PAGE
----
Two people in an ethnically Tibetan part of southwest China set themselves on fire on Friday, an advocacy group said, bringing the number of self-immolations in protest against religious controls imposed by the Chinese government to 14 since March.
Witnesses saw a man set himself on fire near the Kirti Monastery in Aba prefecture in Sichuan province at around 2:50 p.m. local time, London-based Free Tibet said in an emailed statement.
The group cited sources as saying the man called for the return of exiled Tibetan spiritual leader, the Dalai Lama, before Chinese security forces put out the flames and removed him. The condition of the man, not believed to be a Buddhist monk, was not known.
A second self-immolation occurred nearby at about the same time, Free Tibet said. It quoted sources as saying the person died at the scene before their body was removed.
The group's statement was released late Friday night, making it impossible to verify the incidents with Chinese authorities.
The other Tibetans who have set themselves on fire in the past 10 months, most of them Buddhist monks, nuns and some former clergy, were said to have called for freedom for Tibet and the return of the 76-year-old Dalai Lama, who fled to India in 1959.
At least six of the incidents have been fatal.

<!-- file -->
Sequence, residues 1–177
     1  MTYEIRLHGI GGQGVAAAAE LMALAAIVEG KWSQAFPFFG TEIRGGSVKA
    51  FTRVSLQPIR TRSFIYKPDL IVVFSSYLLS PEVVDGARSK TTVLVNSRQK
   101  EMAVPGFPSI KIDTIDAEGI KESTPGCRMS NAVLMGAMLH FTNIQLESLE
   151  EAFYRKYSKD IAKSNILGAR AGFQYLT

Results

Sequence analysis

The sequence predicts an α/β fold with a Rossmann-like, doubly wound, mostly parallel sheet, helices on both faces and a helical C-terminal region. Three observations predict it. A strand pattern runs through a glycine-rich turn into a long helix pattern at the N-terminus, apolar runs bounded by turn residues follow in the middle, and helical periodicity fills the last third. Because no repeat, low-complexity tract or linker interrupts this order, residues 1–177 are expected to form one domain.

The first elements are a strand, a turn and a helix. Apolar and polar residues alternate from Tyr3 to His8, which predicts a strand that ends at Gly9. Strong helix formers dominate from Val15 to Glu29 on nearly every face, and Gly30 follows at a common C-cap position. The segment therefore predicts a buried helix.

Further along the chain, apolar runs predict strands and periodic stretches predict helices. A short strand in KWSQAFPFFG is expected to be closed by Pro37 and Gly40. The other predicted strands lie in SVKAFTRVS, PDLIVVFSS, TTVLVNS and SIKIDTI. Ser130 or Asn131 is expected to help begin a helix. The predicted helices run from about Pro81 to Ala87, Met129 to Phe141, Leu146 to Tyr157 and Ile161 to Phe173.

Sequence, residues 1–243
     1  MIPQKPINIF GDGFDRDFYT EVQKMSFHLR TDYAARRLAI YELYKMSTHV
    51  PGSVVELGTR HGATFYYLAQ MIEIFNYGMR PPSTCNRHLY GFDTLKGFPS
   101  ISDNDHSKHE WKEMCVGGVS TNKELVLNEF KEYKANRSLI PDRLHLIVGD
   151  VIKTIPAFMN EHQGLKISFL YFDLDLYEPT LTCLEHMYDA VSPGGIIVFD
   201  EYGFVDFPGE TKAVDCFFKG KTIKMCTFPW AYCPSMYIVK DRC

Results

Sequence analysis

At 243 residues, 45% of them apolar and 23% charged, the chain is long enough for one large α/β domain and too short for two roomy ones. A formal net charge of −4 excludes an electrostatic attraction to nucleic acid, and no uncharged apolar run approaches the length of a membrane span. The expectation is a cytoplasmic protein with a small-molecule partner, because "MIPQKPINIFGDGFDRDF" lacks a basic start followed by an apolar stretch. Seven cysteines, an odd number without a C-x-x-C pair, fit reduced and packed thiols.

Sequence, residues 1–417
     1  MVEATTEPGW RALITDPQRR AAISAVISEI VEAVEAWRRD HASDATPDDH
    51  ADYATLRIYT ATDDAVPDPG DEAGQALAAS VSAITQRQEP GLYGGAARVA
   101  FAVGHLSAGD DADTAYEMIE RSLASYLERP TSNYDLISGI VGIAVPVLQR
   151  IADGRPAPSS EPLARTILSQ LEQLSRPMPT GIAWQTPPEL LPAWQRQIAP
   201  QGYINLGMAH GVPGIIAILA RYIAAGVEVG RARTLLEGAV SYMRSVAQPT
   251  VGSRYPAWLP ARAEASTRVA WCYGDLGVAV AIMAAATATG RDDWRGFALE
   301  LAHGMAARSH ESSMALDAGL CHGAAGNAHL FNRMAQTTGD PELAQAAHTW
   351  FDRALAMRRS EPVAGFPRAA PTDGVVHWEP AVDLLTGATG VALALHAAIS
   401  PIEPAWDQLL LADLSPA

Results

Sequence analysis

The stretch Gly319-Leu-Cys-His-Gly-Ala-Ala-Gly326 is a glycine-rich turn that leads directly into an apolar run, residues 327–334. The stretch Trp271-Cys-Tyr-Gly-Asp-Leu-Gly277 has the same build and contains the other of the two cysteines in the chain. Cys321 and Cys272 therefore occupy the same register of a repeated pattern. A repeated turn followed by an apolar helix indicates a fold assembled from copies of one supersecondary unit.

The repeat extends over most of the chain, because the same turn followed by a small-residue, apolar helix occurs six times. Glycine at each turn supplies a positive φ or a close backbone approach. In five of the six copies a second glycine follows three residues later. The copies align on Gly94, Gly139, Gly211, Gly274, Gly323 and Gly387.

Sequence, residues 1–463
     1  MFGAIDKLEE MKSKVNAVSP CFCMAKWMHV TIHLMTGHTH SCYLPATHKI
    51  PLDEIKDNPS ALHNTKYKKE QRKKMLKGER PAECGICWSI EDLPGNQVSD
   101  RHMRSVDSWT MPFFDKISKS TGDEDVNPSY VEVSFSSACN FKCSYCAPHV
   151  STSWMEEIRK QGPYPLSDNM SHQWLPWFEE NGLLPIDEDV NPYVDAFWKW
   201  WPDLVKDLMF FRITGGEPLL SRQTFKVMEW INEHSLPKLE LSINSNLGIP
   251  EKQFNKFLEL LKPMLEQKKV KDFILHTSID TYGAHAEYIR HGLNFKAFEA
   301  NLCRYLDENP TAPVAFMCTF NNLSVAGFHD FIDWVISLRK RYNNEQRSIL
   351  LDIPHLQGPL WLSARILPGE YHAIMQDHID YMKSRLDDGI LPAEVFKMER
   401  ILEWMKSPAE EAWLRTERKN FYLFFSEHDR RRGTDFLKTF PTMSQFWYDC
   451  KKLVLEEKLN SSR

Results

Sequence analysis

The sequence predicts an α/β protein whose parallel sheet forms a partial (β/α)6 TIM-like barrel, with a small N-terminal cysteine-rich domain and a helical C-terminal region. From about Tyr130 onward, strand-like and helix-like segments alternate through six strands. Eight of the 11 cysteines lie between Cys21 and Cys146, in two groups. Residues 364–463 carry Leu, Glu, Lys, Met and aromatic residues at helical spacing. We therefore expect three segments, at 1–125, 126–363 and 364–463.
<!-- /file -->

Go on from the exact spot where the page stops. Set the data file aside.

For the Chinese government, the protests are a small but destabilising challenge to its regional policies, which it says have lifted Tibetans out of poverty and servitude.
Most people in Aba are ethnic Tibetan herders and farmers, and many see themselves as members of a wider Tibetan region encompassing what China calls the Tibetan Autonomous Region and other areas across the vast highlands of the country's west.
China has ruled Tibet since Communist troops marched in 1950 and says Tibetans are free to practise their Buddhist faith.
China's Foreign Ministry has branded the self-immolators terrorists and has said the Dalai Lama, whom it condemns as a supporter of violent separatism, should take the blame for the immoral burnings.
The Dalai Lama has not condemned or condoned the burnings but said the desperate conditions Tibetans face under Beijing's rigid controls in what amounted to cultural genocide have led to the spate of self-immolations.
He denies advocating violence and separatism and insists he wants only real autonomy for his homeland.
In March 2008, deadly riots against the Chinese presence spread across the Tibet Autonomous Region and Tibetan regions ahead of the Beijing Olympics, triggering sometimes deadly confrontations with troops and police.
(Reporting by Michael Martina; Editing by Sophie Hares)